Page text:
This town was weird, dingy and poor, and very 3D – there were always some stairs, inclines and declines, and you would dive into dark holes, turn left and right, and emerge one or two levels below. The driver showed me what happened to his bus while I was looking for him – it was parked under some staircase and it turned into a stone, into what looked like an abandoned statue of a cow with wheels. “What next?”, I asked him, and he communicated that we were not too far, already on the outskirts of Kathmandu, and you could even see the city from some vantage points like roads leading down. He promised to take me there on foot.
From then on he moved very fast and I had a hard time keeping up, with all the twists and turns and dives and winding stairs it was very difficult to keep him within eyesight and I mostly followed his voice.
This is where I realized the connection with my other, half year old dream. In that dream “Kathmandu” was squeezed between the shore and the mountain range and in this dream the town I was in now was that huge Hindu temple you could see half way up the mountains. And what a temple that was! Not just one building but an entire complex perched on a mountain slope with no spaces between various halls and shrines, they just merged one into another, absolutely packed with devotees and with pūjās and chanting going on everywhere.
What was even more amazing is that they had this wonderful overhead cable car system but there were no engines or grimy gears, it worked simply on gravity, like a roller-coaster, but our seats were suspended and everything was made from natural materials, not metal and plastic. We were passing over so many people, sometimes only a couple of meters above them, we flew through temple halls and past huge deities, moving directly at them and then swerving in the last moment.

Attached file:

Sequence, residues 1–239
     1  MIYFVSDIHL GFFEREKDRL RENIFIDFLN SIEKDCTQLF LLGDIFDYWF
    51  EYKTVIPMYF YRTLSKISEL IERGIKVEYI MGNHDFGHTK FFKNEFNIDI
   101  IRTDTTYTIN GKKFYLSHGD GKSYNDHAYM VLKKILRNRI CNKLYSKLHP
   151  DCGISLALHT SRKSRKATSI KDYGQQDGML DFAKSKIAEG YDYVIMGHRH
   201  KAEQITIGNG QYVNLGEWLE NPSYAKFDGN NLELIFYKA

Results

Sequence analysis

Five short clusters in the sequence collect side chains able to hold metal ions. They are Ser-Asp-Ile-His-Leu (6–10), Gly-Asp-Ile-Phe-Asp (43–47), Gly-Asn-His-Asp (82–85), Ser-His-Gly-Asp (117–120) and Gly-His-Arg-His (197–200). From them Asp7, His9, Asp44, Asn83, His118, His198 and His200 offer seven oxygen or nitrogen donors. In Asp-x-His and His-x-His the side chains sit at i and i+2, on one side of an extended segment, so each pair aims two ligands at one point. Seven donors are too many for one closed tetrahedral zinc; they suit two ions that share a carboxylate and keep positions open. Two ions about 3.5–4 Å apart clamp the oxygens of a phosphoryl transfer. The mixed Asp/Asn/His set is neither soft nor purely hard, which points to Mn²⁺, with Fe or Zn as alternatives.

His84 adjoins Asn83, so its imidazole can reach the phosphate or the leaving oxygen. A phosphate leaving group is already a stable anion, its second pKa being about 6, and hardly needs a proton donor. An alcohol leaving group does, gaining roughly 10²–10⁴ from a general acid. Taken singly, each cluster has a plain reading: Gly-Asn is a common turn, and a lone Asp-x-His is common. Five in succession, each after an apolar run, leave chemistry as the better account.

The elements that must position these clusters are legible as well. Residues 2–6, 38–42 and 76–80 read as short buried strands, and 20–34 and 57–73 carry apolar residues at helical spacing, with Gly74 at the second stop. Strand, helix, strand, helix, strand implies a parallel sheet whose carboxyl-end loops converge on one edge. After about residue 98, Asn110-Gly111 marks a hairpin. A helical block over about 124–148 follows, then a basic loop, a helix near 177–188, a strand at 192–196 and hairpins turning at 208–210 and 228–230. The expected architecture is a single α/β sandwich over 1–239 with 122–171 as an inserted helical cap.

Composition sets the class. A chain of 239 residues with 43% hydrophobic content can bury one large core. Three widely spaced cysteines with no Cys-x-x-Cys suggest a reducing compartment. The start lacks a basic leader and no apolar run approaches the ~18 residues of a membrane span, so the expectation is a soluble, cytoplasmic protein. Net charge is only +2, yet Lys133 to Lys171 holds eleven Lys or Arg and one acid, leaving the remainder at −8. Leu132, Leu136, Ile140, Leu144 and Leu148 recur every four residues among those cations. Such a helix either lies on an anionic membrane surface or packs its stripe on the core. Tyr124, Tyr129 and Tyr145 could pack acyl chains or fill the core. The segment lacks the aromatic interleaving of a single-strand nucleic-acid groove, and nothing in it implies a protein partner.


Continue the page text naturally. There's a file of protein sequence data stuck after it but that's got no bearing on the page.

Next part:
Among the deities I remember were Lord Śiva, Lakṣmī and Durgā. As we were flying through the halls there was a PA system announcing which deity was where and what kind of pūjā was being performed at the moment. All these deities were very old and made of stone that darkened with age. They were placed very high above the worshipers so flying at them on their own level seemed disrespectful. Each hall had many other deities, too, but they were located well below and on the sides, we passed them as we moved from one hall to another.
Sometimes we moved along a fellow car filled with passengers just like us, mostly ladies in colorful saris. Sometimes we were dragged upward like they do on roller-coaster rides. Sometimes we passed prasādam halls but nothing in that temple was level, even prasādam was served on some sort of stairs so we flew not above but alongside, so close that it was possible to grab something off the plates. There were some pulleys to direct our path but I left it to the driver, being busy with staring at the sights, my mouth was probably agape.
Eventually the ride stopped, we got off, and continued a convoluted path down from one level to another, and eventually the driver lost me, which I suspect was his plan all along. I called and called, I tried going after him but the number of forks and dives and possible turns was overwhelming and eventually I gave up.
I tried to find some open space and hoped that I could see Kathmandu very close but it didn’t seem any nearer than before. I looked back at the temple, hoping that I was already far away, meaning I was closer to Kathmandu, but the view up the mountain was always obstructed by something.
Then I found a clearing, a bright spot in the sun, and there were white people there, too! I was totally exhausted and I was afraid to look at the watch because if it was past 4 then the tour group would leave without me and no one would be waiting for me at the hotel. Nor did I have any money or documents with me – all was left with my friend back in “Love”. I also had no idea where I was but at least the hope was there. Turned out it was a false hope, and I’ll continue with this dream in the next post.